Husband’s first cousin and his girlfriend have, actually had – 5 children – 3 girls, 2 boys. They have custody of the 3 girls but both boys were placed for adoption because in her words “I never wanted boys”. We didn’t think she meant it, but she did.

She placed the first boy with a friend of hers and the other with my husband and I. She has no relationship with her first son but for the first 4 years of our son’s life, she and his sisters would see my adopted son, a few times a year at family functions. She would always tell him “Hello” and give him a hug, but that was the extent of her interaction with him.

When he turned 4, the couple, parents of these 5 children split up. That was now 2½ years ago. She doesn’t come to family functions anymore and turned down my suggestions, more than once, before blocking me completely for asking her to maintain some sort of relationship with the son that is in my care. He has always known she is his mother, and from birth until he was the age of 4, he was able to have some sort of relationship with his sisters. I’ve explained to her the importance of the children having a sibling relationship and bond. She does not agree with me that this is necessary.

My adopted son is now 6½ years old. His questions have started to be – “Why?” I don’t know what to say to him. The truth to me is harsh and I’ve always struggled with the thought that the day might come when I would have to tell him what her reasons were. Before all of this happened, I was for 100% transparency and truth as regards his adoption. But do I really tell him this?? Surely not this young!!? When he’s older? EVER?? I don’t want to add to his trauma.

One answer that came, really tore at my heart.

99% of the time I am for telling a 100% of the truth all the time – except for this situation. My brother and I are adopted. We have different genetic/biological families. Our story comes quite close to this one. My brother is an adult now. But at the age of 9, my adoptive mom told him – his mom treated him the way she did because he was a boy. Now that he is an adult, his original mother has admitted that is true. But being told this when he was 9, well, my brother was so confused and hurt that he self mutilated himself trying to become a girl. The best advice I can give in this situation is to seek an adoption trauma therapist to help you navigate the years ahead. I know such a rejection definitely messed with my brother’s self identity.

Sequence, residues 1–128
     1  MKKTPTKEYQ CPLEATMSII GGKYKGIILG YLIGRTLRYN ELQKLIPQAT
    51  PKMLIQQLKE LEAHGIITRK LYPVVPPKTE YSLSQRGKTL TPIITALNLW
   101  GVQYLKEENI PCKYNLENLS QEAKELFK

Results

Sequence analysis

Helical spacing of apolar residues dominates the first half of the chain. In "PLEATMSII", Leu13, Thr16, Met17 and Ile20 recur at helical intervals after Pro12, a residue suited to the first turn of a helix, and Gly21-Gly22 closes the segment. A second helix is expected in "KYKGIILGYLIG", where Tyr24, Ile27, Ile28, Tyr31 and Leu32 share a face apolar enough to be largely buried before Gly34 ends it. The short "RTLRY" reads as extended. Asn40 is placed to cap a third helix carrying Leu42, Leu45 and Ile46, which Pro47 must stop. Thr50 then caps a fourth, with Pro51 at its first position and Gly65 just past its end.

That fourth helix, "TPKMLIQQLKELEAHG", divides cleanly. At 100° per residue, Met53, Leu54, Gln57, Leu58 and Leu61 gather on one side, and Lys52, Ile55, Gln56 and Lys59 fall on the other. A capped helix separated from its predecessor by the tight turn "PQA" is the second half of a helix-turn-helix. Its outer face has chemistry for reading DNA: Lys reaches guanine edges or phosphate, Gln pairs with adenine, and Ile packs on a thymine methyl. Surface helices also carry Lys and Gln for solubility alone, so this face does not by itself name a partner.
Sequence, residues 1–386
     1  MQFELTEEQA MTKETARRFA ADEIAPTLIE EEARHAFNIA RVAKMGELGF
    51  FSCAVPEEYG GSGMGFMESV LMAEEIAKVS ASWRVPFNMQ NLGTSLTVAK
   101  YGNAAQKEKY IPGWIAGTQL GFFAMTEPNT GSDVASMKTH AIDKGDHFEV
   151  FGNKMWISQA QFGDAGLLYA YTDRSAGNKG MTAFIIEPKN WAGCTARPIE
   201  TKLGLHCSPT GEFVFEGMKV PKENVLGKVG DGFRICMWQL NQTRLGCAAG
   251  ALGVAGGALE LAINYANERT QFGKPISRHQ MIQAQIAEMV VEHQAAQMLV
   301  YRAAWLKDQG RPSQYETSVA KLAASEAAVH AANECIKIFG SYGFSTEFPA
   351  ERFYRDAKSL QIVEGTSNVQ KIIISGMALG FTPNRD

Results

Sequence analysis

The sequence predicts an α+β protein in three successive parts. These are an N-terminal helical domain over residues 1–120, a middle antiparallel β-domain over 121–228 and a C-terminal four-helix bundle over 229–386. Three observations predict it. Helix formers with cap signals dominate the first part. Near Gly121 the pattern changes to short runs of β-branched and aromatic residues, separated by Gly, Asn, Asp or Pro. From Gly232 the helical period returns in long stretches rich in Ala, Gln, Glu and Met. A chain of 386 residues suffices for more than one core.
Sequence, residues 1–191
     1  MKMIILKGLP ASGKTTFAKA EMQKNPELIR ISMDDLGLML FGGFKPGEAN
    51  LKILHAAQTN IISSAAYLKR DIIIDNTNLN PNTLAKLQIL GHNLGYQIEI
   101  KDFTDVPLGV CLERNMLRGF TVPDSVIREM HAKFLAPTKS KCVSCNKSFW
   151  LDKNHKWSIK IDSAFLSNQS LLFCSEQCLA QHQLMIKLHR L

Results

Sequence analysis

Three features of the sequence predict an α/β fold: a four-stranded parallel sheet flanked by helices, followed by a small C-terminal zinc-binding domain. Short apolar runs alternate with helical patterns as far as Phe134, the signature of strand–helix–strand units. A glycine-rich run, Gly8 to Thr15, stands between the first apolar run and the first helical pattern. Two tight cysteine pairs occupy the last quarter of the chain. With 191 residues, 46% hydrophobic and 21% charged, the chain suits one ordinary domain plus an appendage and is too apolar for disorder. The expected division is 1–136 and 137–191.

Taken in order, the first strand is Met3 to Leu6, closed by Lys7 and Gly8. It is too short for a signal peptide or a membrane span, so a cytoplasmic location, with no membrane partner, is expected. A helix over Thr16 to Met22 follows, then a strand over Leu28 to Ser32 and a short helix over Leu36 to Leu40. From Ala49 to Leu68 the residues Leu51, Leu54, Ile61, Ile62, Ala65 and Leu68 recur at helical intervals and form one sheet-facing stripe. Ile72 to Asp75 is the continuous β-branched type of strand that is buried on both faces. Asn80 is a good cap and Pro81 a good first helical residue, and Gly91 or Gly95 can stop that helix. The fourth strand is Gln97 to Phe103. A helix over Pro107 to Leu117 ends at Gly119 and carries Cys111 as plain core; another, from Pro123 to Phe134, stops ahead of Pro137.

Together Together

So, I just learned about this movie today. The movie has a 92% positive rating at Rotten Tomatoes. It is defined as a comedy and I did LOL at some moments in the youtube movie trailer. The short summary of the movie’s plot is this – A young loner becomes a surrogate mother for a single, middle-aged man who wants a child. Their unexpected relationship soon challenges their perceptions of connection, boundaries and the particulars of love.

I do have feelings about surrogacy and have know of some surrogate pregnancies. Since learning so much about baby’s bonding with the mother who is carrying them in her womb, I am honestly not in favor of it. I do know of one case of a woman’s mother being the surrogate for her daughter who could not carry to term. I am okay with that situation, especially because “grandma” will be in that baby’s life.

According to a Roger Ebert review – You go into (the movie) thinking you know what you’re getting into, and feeling impatient or dismissive as a result, because the movie conspicuously makes choices that seem intended to announce which boxes it’s about to check off. Then it keeps confounding you—in a way that’s understated rather than show-offy—until you have to accept it on its own terms. It’s the perfect storytelling tactic for a movie about a surrogate mother and her patron, a divorced man 20 years her senior. The main characters don’t fully appreciate each other until they quit trying to categorize their relationship and let it be whatever it’s going to be, while trying not obsess over what’ll happen once the baby is born.